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What terms should a confidentiality clause contain?

On Behalf of | Apr 28, 2016 | Business Litigation |

Many Miami businesses strive to get the word out about their business as much as possible, so that others know about them and can utilize their products or services. More information to the public is not always better, however, such as when there is sensitive information about a business dispute that the company seeks to keep private.

There is no shortage of information that a company might want to protect when litigation arises. For instance, if the company enters into a settlement agreement, it may not want the terms of that settlement to become known by others. Companies who have been sued by a plaintiff often do not want other potential plaintiffs to know that the company is paying a sum to settle the dispute, as that can invite copycat lawsuits from others.

On the other side, plaintiffs also may want confidentiality regarding the terms of a settlement. For instance, the plaintiff may not want the facts of the case to become public. Likewise, both sides of the dispute may want to avoid potential negative publicity from the case.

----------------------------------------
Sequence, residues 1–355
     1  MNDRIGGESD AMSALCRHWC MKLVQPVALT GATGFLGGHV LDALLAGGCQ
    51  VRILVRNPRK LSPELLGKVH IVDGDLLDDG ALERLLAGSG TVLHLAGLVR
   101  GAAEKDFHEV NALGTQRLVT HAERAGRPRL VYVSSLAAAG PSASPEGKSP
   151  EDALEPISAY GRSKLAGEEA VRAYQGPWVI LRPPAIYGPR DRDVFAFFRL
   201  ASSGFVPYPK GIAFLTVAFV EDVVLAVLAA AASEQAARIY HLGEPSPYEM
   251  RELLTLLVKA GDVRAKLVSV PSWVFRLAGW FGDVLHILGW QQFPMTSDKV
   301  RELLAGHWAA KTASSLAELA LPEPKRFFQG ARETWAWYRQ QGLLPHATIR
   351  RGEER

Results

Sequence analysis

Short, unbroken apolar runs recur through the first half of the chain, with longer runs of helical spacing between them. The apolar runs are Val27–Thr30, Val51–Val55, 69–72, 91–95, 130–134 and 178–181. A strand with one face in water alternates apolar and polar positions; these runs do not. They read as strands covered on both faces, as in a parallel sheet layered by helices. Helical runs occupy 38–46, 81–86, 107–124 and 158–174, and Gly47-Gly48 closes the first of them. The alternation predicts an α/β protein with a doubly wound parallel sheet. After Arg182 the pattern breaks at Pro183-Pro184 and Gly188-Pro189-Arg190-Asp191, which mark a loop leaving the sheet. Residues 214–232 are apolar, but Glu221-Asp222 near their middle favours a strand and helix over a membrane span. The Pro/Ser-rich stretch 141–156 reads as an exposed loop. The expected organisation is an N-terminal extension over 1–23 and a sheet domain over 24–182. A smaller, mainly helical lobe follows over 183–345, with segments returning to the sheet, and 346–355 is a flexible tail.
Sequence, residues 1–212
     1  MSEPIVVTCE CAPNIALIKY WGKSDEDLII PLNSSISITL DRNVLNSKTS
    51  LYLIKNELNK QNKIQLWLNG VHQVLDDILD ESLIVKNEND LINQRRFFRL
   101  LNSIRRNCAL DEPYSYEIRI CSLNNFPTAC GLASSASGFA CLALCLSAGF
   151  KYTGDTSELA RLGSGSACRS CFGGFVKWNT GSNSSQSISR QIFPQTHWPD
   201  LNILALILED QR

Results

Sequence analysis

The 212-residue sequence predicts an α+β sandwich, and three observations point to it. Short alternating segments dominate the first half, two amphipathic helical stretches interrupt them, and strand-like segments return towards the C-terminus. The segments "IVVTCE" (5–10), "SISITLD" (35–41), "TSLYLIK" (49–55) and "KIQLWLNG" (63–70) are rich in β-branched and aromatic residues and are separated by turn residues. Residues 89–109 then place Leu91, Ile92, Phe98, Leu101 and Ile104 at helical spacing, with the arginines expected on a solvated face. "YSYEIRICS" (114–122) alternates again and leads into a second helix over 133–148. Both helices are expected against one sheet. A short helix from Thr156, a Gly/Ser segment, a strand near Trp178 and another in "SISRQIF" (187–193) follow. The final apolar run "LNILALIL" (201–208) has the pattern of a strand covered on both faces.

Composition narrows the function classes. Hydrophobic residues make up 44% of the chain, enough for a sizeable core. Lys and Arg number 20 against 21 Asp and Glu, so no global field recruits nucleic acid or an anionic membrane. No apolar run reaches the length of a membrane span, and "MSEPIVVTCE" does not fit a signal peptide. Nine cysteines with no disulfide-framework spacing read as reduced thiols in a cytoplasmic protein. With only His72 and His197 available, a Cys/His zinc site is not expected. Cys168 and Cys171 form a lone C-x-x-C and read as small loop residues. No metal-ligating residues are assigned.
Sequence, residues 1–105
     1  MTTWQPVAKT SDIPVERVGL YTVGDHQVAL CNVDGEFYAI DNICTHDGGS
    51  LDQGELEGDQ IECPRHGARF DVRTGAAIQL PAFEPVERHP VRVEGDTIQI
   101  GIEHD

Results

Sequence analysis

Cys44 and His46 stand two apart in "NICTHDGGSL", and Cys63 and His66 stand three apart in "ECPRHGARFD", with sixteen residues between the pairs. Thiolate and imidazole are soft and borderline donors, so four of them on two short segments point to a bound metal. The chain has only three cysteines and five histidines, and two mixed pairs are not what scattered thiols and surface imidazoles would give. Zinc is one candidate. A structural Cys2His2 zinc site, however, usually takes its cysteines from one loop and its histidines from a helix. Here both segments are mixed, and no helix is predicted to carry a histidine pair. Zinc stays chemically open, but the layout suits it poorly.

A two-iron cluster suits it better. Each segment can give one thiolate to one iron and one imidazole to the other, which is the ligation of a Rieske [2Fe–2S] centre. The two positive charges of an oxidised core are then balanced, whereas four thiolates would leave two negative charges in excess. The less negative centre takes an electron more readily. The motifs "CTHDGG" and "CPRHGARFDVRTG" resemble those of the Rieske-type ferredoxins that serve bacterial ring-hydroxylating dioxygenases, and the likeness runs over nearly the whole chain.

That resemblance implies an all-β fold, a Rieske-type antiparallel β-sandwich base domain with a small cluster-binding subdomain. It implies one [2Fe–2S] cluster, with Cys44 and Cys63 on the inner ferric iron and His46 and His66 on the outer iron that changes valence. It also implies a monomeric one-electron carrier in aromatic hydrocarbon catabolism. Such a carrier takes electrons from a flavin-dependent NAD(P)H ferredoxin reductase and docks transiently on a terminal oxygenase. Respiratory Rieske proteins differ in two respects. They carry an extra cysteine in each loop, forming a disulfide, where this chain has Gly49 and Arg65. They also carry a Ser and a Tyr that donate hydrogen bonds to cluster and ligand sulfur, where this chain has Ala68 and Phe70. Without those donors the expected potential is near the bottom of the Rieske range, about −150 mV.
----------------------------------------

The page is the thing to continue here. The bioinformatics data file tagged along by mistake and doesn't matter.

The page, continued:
In order to satisfy these concerns, settlement agreements frequently contain a confidentiality clause to ensure that the terms of the agreement are kept confidential. Effective confidentiality clauses should specify what is required to be kept confidential, such as the terms of the settlement itself and the relevant documents that were at issue in the litigation. The clause can also direct parties what to say if asked for comment on the settlement.

The terms of the clause can also help avoid the potential of a future confidentiality agreement dispute. For instance, the agreement can specify that a breach of confidentiality will be a material breach of the agreement. It may also specify that a breach will result in liquidated damages to be paid. Accordingly, in the event a breach does occur in the future, the party will have some recourse by being able to obtain relief under these terms.

Source: American Bar, “Confidentiality in settlement agreements is a virtual necessity,” Gregg Stevens & Lorin Sunbar, accessed April 27, 2016.